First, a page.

An assessment of the performance and requirements for "adiabatic" engines
A review of research on low heat rejection engines, on cooperative efforts in the United States and abroad to incorporate ceramics in intermittent combustion engines, and on the use of ceramics in these engines is presented. The reduction of heat loss from the combustion chamber of diesel engines improves fuel efficiency only 3 or 4 percent. Some other gains may be possible from a smaller cooling system, recovery of exhaust energy, and improvements in aerodynamics. It is judged that designs of low heat rejection engines will have the greatest initial impact on armored combat vehicles. Organization, coordination, planning, and cooperation on R&D for the use of ceramics in intermittent combustion engines appear to be greater abroad than in the United States.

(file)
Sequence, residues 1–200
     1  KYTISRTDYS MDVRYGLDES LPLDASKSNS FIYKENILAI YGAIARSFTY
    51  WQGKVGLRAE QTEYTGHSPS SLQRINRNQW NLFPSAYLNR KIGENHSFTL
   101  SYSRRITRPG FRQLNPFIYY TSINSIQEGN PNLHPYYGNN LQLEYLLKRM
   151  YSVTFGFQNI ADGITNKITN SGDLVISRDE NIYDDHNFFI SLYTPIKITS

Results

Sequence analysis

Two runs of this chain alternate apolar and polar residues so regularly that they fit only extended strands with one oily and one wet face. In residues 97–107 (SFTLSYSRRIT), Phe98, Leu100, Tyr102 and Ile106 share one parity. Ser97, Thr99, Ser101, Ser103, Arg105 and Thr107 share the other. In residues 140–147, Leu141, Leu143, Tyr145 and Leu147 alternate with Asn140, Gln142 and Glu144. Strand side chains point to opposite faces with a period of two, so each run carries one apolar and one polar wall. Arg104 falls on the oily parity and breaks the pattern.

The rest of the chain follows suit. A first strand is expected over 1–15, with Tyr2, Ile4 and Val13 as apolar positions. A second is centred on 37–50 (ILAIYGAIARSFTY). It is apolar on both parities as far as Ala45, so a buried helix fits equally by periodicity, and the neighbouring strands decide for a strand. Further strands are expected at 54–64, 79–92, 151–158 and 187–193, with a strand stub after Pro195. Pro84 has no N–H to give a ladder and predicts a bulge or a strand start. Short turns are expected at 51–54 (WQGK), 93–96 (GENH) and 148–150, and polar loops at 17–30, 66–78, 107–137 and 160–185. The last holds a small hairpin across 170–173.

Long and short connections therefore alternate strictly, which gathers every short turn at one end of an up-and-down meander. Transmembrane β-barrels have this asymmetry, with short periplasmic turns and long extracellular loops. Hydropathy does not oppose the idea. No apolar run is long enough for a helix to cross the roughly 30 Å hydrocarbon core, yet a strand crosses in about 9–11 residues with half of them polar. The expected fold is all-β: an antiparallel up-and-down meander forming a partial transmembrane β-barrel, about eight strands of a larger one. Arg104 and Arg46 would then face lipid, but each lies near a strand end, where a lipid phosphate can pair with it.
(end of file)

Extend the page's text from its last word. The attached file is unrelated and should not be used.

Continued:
An assessment of the performance and requirements for "adiabatic" engines.
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